I also found two rhubarbs, currant bush, lots of brambles, a rosemary bush, two wheelbarrows, two daleks, lots of containers, an old BBQ and a trampoline!
    The plot next door was recently cultivated too, but now not occupied, which has a greenhouse, a small shed and a whole load of wood that looks useful. I have spoken with the council about that and they've said we can help ourselves to stuff on the unoccupied plots so that's helpful!
    veggiechicken and Jungle Jane like this.

  7. #15
    StrawberryNinja is offline Germinator
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    Thank you everybody for the advice! I really appreciate it.

    We went back today and we managed to rope in a fellow allotment-folk and she said that the tree was a plum tree! Lovely! She also said the soil on this particular patch is fantastic. We started de-weeding today and the soil really is lovely and crumbly, itís perfect (as far as my very limited knowledge of soil goes anyway ).

    There were also what looked like raspberries and blackberries growing in all the bramble at the side and behind the big shed. We found some strange root things that were rotting in the ground, I didnít take a photo of the rotting ones because I just wanted it out as soon as possible so I rushed it lol... but they were not pleasant! and I also took some photos a little closer of random growing thingies. If anybody could point anything out then that would be great! I was carrying my baby so it was really difficult to get closer but Iíll try get some super close ups next time.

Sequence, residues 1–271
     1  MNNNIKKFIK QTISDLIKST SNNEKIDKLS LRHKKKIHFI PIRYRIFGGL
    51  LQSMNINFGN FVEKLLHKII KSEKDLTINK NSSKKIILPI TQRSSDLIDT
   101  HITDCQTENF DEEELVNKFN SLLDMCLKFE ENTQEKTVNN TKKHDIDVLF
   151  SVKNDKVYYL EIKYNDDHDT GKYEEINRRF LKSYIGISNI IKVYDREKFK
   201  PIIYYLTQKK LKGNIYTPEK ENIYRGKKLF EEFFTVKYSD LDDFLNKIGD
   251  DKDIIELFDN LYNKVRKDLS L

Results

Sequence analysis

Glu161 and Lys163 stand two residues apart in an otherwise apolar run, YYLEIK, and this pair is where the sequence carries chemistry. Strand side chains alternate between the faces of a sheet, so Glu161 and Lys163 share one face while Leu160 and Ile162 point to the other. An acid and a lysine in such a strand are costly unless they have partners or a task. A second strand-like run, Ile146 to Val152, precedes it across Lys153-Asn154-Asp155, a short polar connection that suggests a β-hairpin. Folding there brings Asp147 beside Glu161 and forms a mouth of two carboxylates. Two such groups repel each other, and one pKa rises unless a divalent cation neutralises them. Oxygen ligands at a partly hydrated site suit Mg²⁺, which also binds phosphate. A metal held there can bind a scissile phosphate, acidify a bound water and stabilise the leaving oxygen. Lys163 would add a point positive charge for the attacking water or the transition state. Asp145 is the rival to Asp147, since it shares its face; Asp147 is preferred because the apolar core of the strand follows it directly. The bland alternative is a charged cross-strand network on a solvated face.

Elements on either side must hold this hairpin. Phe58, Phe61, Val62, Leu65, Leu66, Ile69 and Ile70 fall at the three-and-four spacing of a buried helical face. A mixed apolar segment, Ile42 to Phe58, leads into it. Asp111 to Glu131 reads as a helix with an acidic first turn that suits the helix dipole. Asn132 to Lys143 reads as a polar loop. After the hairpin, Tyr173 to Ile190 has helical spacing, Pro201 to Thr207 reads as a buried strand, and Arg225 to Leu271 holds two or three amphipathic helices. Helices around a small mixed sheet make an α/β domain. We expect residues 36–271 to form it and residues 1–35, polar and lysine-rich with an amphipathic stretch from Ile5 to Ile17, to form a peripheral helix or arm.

https://instagram.com/p/BqAiDhSAkIu/


    We do have knotweed apparently and the person who runs the allotments said we also have a Japanese knotweed problem here (are they different? The fellow allotment-folk pointed to some stuff on the ground whereas the allotment-running-folk pointed to some big cane looking things. Very confusing.)... and after reading through the common weeds list that
    Chestnut posted yesterday, japanese knotweed sounds pretty awful!

    Anyway we made some progress today! We had our children helping, and our dog was trying his best to eat as many sticks as possible... very helpful indeed lol. I managed to talk my other half down from rotovating the life out of everything before we found out more about this knotweed too

    https://instagram.com/p/BqAiPfMgjGs/


    SarrissUK that sounds great! I was reading about green manure and possibly growing beans everywhere (I have forgotten what type now) and then mixing it into the ground once itís grown a little, but I wasnít sure if I had time to do that in time for spring. Iíll have to look more into it.
    veggiechicken and Jungle Jane like this.

  8. #16
    nickdub is offline Early Fruiter
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    Looks like a very nice plot and you're all making a good start. Fresh air, exercise and hopefully home grown produce all in one :-)

    As for beans you can grow filed beans over winter and either leave them to crop, or turn them in to the ground as a green manure. Depending on the soil temperature you may be able to get away with sowing the seed directly under a bit of polythene or failing that put in one per pot inside somewhere then plant them out as soon as they show signs of growing.